Women Out West: Developing a concept for survivors of domestic abuse to safely check-in whilst at home

Nexer helped Women Out West with service mapping, workshopping and ideating, and prototyping an app to help and support at-risk women.

Client: Women Out West

Women Out West (WOW) is a non-profit organisation offering support to all women in a safe, welcoming, and women-only space. They're run by a Time to Change (West Cumbria) Project Community Interest Company and operate a Women’s Centre to help and support women with mental wellbeing, social isolation, and domestic abuse. WOW provide women with support, housing, debt and money management.

WOW’s aim is to encourage and empower women to reach their potential by accessing support, learning new skills, building confidence and self-esteem, developing social skills, and thus improving their overall wellbeing. 

The background

During the project, we found out that a lot of the time survivors of domestic violence come from disadvantaged groups, and they often have no close family or friends who can help, support and check-in with them. They therefore are socially isolated, alone, and vulnerable.

 Having an emergency, and it going unnoticed, puts them at risk.

Our approach

  • Kick-off, goals and vision workshop
    We got together with WOW to frame the challenge and gather insights into WOW as an organisation, the people they support and the problems that they face.
  • Service mapping
    We facilitated a workshop with WOW to understand how the service currently works. We then identified opportunities for intervention.
  • Idea generation workshop
    By taking a step back and focusing on the problem, together, we generated multiple ideas as a group.
  • Playback and next steps
    We shared what we had learnt with WOW and developed one concept further and mapped out next steps to take the idea further.

What we achieved together

Together we framed the problem:

  • The service users are socially isolated with low self-esteem, no family or friends, there is no one to go round and check that they are ok.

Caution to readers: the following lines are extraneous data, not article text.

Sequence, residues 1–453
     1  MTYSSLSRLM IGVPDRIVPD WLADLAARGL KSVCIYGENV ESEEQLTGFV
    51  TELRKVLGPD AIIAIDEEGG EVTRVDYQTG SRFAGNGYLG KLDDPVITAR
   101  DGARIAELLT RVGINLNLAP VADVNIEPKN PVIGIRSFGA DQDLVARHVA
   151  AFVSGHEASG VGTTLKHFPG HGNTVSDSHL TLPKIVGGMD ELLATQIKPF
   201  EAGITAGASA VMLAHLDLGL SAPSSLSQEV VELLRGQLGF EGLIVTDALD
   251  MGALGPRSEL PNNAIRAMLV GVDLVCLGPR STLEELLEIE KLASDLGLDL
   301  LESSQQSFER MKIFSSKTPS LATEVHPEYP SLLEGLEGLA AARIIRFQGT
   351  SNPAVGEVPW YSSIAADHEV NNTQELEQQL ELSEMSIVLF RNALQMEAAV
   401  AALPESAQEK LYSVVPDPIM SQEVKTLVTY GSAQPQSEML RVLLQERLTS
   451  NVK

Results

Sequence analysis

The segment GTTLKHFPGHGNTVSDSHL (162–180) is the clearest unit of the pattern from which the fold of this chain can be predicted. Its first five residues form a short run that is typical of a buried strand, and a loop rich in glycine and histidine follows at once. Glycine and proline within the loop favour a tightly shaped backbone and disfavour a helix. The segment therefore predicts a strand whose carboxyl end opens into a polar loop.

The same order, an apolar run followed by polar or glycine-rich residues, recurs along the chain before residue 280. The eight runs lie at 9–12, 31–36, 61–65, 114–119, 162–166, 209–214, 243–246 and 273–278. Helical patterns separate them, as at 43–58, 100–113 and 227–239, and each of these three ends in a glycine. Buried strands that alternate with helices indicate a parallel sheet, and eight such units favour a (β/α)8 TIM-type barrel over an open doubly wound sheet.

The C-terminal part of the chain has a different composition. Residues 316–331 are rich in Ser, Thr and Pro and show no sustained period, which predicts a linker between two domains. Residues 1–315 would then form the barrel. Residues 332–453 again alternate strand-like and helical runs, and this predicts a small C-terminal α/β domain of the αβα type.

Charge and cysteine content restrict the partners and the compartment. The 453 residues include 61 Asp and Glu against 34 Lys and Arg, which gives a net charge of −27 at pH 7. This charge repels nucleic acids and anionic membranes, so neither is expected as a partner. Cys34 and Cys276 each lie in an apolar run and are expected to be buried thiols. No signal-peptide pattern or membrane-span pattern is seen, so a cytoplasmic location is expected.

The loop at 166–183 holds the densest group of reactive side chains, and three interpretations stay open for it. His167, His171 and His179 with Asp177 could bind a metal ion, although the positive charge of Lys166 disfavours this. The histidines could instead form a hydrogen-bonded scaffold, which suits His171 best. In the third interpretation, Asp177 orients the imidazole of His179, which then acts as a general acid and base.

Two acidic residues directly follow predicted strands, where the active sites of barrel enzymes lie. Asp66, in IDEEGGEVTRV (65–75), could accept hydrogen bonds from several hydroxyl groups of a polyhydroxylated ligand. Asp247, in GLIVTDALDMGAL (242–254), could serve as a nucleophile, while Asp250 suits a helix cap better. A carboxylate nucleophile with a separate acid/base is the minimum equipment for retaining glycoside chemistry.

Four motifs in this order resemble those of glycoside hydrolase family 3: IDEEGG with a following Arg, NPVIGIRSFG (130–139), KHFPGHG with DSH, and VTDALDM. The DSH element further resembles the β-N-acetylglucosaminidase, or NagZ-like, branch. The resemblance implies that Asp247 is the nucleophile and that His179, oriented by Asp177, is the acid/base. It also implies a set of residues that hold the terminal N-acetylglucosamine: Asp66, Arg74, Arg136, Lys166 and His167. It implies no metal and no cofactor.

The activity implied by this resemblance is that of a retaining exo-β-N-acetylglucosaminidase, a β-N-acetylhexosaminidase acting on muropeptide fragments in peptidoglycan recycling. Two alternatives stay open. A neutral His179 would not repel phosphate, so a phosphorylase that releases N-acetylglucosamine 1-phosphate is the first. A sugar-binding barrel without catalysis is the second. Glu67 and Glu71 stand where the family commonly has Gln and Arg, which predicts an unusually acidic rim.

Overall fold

• They have been let down by statutory services in the past and are hesitant as to whether WOW can help.

Once we thoroughly understood who Women Out West help, the problems their clients face and how WOW help them, the next phase was to map out the steps in the service from both the client and service delivery perspectives.

We gathered information on the ‘before’, ‘during’ and ‘after’ to understand how clients discover the service, how they are signposted, how the process works whilst receiving support and then what happens when it is time to exit the service.

A service map showing the 'before', 'during' and 'after' to understand how clients and the WOW team engage with the service.

Visualising the layers of the service enabled us to understand how future concepts would fit into the existing service and complement WOW current staff’s ways of working.

After we had understood how everything currently worked, we moved on to ideate ideas for how women who had experienced domestic abuse could safely check-in.

WOW came to Nexer with the original idea of an app to solve the problem, but to ensure we explored every avenue we put that idea to one side and returned to the problem statement, with the addition of a ‘How Might We’ question to ideate around;

Most survivors have no close family or friends who can help, support and check-in with them. As a result, they feel isolated, alone, and vulnerable. Having an emergency and going unnoticed puts them at risk.

 How might we ensure that they are safe, connected, and in control of their daily lives, when they’re alone?

Screengrab of a board where the WOW and Nexer teams brainstormed ideas to ideate

There were 3 key ideas that came out as most popular:

  • The original app idea, but getting it to do more.
  • Implementing a buddy system, by pairing two WOW clients together to check in on one another.
  • Building communities, by creating safe places and support systems, facilitating networking and utilising volunteering.